Rep. Phyllis Kahn does not have a DFL primary opponent this year, but she is not taking the upcoming election contest lightly. She will be sending out a preprimary postcard to her constituents in District 59B, which is comprised of neighborhoods in South and Southeast Minneapolis, including picturesque Nicollet Island, where Kahn has her home.
The Minnesota primary elections have been moved up to Aug. 10, and Kahn wants to remind voters that the polls will be open on the second Tuesday in August.
First elected to the Minnesota Legislature in 1972, Kahn is in her 19th term and shares seniority of tenure in the House of Representatives with Rep. Lyndon Carlson, DFL-Crystal. (Sen. Linda Berglin, DFL-Minneapolis, also was elected to the House in 1972, and then elected to the Senate in 1980.)
For the general election, Kahn plans to print a “fuller campaign piece” with more information about the issues and her endorsements from various groups. She will face challengers from the Independence, Green and Republican parties. Over recent election cycles, she has garnered 58 to 60 percent of the vote.
During an interview with the American Jewish World last week, the Jewish legislator discussed her long incumbency in the House, her reputation for unorthodox legislative proposals and future plans.
The New York City native, who retains traces of her Brooklyn accent, recalled that the motivation to run for elective office came as a result of what she termed “rampant sexual discrimination” at the University of Minnesota, where she was employed as a research associate in genetics and cell biology. Kahn is a graduate of Cornell University, and has a doctorate in biophysics from Yale University.
After happily working at the U of M for some years, Kahn realized that she was not in a “tenure track position,” despite having the same credentials and qualifications as male colleagues who were advancing in their careers.
So, dealing with career impediments at the U, and in the midst of the emerging women’s movement , Kahn decided that electoral politics “might be a more useful way to create change. So, I filed and ran and won.”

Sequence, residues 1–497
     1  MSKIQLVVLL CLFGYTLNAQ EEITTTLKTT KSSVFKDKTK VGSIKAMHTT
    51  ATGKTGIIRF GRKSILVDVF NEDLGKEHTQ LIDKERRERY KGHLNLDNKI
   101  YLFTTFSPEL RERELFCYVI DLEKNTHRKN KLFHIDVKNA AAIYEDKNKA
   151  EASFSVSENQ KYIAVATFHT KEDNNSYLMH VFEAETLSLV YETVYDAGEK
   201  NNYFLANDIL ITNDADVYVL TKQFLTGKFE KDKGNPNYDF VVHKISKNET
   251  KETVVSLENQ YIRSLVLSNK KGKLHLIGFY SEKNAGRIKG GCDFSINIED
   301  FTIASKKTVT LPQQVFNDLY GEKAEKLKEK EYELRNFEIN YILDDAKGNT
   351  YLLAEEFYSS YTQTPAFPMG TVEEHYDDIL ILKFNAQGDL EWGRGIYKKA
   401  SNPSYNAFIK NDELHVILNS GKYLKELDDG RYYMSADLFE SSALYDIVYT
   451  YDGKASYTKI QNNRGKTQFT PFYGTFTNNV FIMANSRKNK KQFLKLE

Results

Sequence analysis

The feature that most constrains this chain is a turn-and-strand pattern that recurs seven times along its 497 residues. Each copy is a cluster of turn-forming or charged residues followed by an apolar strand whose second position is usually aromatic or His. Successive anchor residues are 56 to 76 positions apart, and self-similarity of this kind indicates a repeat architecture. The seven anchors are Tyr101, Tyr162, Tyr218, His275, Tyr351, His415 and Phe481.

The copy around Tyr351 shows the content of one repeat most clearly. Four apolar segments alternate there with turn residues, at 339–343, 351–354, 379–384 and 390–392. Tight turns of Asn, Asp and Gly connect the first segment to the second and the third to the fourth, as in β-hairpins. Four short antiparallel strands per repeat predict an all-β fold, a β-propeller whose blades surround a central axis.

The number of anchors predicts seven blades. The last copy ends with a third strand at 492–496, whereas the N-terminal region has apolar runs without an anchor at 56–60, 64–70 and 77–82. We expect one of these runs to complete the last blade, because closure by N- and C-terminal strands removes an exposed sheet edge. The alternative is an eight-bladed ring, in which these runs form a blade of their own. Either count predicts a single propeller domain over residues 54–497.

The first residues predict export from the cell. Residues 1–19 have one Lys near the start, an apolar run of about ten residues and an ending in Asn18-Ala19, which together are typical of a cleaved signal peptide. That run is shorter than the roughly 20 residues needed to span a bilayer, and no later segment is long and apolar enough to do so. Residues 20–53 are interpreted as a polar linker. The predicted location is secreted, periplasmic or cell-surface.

For a year or two, she juggled her U of M and legislative jobs, but found that serving in the House was much more than a “part-time job,” as some had suggested.
The Minnesota Legislature was a different world in 1973, when Rep. Kahn was shown to her desk on the House floor. There was exactly one woman serving in 1972 — Rep. Helen McMillan, from Austin.
“Six of us were elected at once,” Kahn recalled, regarding the emergence of female legislators in 1972. “You would have thought we were taking over the place, the way people reacted.”
The 1972 elections also marked a DFL takeover of state government, with Democrats controlling both the House and Senate, and Wendell Anderson in the governor’s office.
“Everything was different,” said Kahn, who noted that House Speaker Martin Sabo “was very amenable to women’s rights,” and appointed Kahn and her female House colleagues to important committees. With the DFL in the driver’s seat, Kahn said a backlog of labor and environmental proposals were passed through the legislature and signed into law.
On another facet of women in state government, Kahn hopes that Minnesota elects its first-ever woman governor this year; she is a supporter of the DFL-endorsed candidate, House Speaker Margaret Anderson Kelliher.
The 73-year-old legislator now chairs the State Government Finance Division, and serves on several other House committees.
Regarding her legislative work, Kahn says that she focuses on “most of the really boring stuff that no one else is willing to work on.” Specifically, Kahn has applied her scientific intellect to improving state government information systems.
Her passion and skills were recognized by Governing magazine, which selected Kahn as one of eight Public Officials of the Year. The Governing article recognizing the Minneapolis legislator noted that her accomplishments include helping to pass the “state’s first computer-crime law and the 1975 Clean Indoor Air Act, the nation’s first law to mandate nonsmoking sections in public places such as restaurants. But she’s best known as a champion of women’s rights issues. She won landmark victories cracking down on anti-female violence, creating gender equity for sports funding, and establishing a woman’s right to keep her own name after marriage.”
Kahn is also known around the state for occasionally authoring a bill that attracts press attention for its quirky aspect — like granting the vote to 12-year-olds.
“I changed that and it still didn’t move [in the Legislature],” she replies, regarding enfranchising the middle-school set. The impetus for the bill, recalled Kahn, was a budget measure that would hurt children, “and my husband said, ‘It’s good that they can’t vote.’ And I said, ‘Well, we should give them the right to vote.’”